• Will Czech drought end?

    From IIHF News@1:266/404 to All on Sat May 5 17:17:05 2018
    The Czechs could be champs this year in Denmark, and a new Kafka manuscript could be discovered during the tournament. Both are possible, but neither is likely.

    Only one player on the 2018 roster also suited up for the last Czech gold medal
    team in 2010: forward Roman Cervenka. This nation, which peaked from 1998 to 2001 with Olympic gold and three

    straight World titles, is far removed from its glory years. There have been no medals of any shade at the senior level since the back-to-back Worlds bronzes of 2011 and 2012.

    Admittedly, the Czechs had a respectable showing at the PyeongChang Olympics, finishing fourth with 3-2 shootout victories over Canada in the group stage and
    the U.S. in the quarter-final. However,

    coach Josef Jandac's men are facing a different caliber of opponents here in Copenhagen.


    Pavel Francouz will need to be a savior of Dominik Hasek-like proportions to take this team to the promised land.

    Appearing on his fifth World Championship roster, the 27-year-old, who starred in the KHL in his third season with Traktor Chelyabinsk, has just inked a contract with the Colorado Avalanche.

    Athletic and focused, Francouz posted a 2.27 GAA and 90.5 save percentage as the top Czech goalie in PyeongChang. He's backed up by David Rittich, a 25-year-old who played 25 games for the Calgary

    Flames behind Mike Smith this season.


    Team defence is a Czech specialty, and has enabled them to carry off medals even when they lack blueliners comparable to Erik Karlsson or Drew Doughty (let
    alone Tomas Kaberle or Marek Zidlicky).

    This blueline corps looks quite different from PyeongChang, with more youth and

    Can Filip Hronek, 20, carry forward the momentum from a promising AHL rookie season with the Grand Rapid Griffins (11-28-39 in 67 games with a +24 plus-minus rating) into his World Championship

    debut? If so, that'll be a major asset. Stay-at-home KHL types, like Worlds veteran Michal Jordan (Amur Khabarovsk) and first-timer Adam Polasek (HK Sochi), must be at their stifling best to keep

    things tight against the slick Russians and Swedes. And you can never predict what will happen with the gung-ho physicality of Radko Gudas (Philadelphia Flyers), back for his second consecutive



    Where will the offense come from? Once, the obvious answer would have been Tomas Plekanec (Toronto Maple Leafs). However, the 35-year-old centre's career is winding down. Plekanec went pointless at

    both the Worlds and the World Cup of Hockey last year, although he can still be
    an effective two-way presence at times, as he showed in Toronto's first-round series against the Boston Bruins.

    It will be interesting to see what Radek Faksa (Dallas Stars) can produce in a top-line role alongside the still-shifty but waning Cervenka (Gotteron). Faksa,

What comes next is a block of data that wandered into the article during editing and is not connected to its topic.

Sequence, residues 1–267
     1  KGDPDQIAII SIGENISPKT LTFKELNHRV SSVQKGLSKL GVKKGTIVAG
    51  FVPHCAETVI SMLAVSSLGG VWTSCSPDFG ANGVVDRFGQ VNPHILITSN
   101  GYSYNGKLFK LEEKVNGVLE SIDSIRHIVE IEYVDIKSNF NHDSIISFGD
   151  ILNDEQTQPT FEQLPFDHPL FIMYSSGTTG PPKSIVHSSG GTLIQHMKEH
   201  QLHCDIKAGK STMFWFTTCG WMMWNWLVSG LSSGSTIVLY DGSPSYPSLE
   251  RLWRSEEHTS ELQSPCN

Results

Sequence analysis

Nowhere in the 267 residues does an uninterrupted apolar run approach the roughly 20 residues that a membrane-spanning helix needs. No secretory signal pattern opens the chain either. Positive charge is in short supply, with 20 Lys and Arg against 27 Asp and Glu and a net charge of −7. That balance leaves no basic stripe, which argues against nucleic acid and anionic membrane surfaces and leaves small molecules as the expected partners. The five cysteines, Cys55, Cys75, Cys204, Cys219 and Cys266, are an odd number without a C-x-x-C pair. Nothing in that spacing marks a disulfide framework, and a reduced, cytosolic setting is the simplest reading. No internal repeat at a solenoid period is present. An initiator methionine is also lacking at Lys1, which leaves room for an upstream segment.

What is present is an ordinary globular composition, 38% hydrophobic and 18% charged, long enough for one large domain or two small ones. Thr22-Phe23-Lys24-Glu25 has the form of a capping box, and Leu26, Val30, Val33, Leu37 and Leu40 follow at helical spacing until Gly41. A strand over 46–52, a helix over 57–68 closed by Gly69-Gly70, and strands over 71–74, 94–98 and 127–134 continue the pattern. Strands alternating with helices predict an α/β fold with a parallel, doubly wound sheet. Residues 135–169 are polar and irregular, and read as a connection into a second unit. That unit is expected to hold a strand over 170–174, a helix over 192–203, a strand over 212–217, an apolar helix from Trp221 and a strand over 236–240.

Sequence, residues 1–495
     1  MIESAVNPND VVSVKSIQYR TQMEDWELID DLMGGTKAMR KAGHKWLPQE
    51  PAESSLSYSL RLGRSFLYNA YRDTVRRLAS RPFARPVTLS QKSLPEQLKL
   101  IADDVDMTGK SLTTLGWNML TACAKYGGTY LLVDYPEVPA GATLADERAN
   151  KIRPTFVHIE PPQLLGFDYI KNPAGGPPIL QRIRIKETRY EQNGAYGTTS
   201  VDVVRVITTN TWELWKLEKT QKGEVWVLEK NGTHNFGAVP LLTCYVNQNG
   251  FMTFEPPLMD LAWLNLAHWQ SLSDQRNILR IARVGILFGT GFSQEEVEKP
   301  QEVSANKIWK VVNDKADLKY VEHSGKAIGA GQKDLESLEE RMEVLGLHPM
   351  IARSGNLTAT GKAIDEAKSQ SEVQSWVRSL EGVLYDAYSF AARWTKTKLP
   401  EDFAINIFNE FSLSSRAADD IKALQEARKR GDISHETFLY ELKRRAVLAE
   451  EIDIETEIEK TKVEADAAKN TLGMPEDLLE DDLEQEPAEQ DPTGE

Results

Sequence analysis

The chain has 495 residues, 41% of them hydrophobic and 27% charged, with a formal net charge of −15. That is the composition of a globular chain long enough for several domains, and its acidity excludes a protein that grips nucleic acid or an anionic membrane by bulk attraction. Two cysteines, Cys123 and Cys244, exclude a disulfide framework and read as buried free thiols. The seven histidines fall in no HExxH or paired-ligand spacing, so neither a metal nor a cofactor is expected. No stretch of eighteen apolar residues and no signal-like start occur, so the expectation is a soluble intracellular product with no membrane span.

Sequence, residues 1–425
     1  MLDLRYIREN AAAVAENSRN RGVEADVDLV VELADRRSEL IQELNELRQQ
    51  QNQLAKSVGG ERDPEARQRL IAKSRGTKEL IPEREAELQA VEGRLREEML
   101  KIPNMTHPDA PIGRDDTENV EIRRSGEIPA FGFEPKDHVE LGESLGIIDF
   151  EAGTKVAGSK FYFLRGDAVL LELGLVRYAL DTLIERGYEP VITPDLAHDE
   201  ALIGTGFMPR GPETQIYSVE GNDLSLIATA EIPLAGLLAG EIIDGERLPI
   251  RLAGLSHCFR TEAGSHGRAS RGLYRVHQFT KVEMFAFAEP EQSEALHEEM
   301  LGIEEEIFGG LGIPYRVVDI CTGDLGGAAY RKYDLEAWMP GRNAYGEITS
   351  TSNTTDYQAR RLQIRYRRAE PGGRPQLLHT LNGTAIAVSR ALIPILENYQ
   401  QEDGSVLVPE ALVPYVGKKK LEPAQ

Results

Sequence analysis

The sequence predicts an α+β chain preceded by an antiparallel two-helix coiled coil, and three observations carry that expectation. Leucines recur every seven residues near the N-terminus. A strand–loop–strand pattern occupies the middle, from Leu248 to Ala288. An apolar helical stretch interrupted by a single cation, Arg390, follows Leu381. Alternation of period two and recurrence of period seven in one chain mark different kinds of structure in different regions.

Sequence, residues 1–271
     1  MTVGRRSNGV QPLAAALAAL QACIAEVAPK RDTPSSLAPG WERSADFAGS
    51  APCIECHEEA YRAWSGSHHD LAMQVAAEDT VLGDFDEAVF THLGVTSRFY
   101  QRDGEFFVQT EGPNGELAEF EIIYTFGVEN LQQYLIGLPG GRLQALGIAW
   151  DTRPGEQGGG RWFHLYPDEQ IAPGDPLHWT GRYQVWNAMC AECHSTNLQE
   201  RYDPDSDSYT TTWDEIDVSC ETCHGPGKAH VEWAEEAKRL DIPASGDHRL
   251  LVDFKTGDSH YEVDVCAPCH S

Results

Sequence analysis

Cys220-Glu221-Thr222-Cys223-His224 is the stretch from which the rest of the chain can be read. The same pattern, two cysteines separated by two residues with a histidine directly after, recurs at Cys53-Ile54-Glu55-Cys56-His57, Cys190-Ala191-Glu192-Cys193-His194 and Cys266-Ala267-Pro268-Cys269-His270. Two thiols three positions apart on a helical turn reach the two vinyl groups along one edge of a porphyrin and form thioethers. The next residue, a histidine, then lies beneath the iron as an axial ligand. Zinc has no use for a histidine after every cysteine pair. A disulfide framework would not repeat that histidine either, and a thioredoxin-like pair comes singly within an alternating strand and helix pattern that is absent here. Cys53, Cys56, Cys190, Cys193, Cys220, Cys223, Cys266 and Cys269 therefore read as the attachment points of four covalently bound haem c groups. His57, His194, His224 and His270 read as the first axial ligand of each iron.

a three-time World Junior participant

    who went pointless in his 2016 Worlds debut, has scored 33 points two seasons in a row with Dallas. Hopes are high for the cunning 19-year-old centre Martin Necas, who played one game with the

    Carolina Hurricanes this season, led the World Juniors in points (11), and also
    captured a Czech Extraliga title with HC Kometa Brno. And don't forget Michal Repik (Sparta Prague), as the 28-year-

    old journeyman had a strong Olympics (3-2-5).

    There is enough talent up front for teams who underestimate the Czech counterattack to get badly burned.


    Assisted by former longtime NHLers Vaclav Prospal and Jaroslav Spacek, Josef Jandac is still questing for his first IIHF gold medal as a head coach. (The 49-year-old won gold as an assistant to

    Vladimir Ruzicka's 2010 Worlds team in Germany.) Continuing to preach the traditional "come to us in the neutral zone" Czech style, Jandac is realistic about the lack of depth his nation possesses.

    But he would still love to go out on a high in his final World Championship. In
    April, Jandac signed a two-year deal to coach the KHL's Metallurg Magnitogorsk.

    Projected Results

    In the group stage, the Czechs will face a good challenge against their Slovak "little brothers" in Saturday's opener, and a win would set the right tone for this tournament. However, they must

    outsmart the Russians and outwait the Swedes if they want to get the most favorable quarter-final seeding.

    The Czechs have bowed out in the quarter-finals two years in a row (2-1 to the U.S. on Auston Matthew's shootout goal in 2016, 3-0 to Russia in 2017). Landing
    a definitely beatable opponent might

    put an end to that Kafkaesque nightmare. Medalling still seems like a long shot.

    Lucas Aykroyd

    --- SBBSecho 3.04-Win32
    * Origin: TequilaMockingbird Online - Toms River, NJ (1:266/404)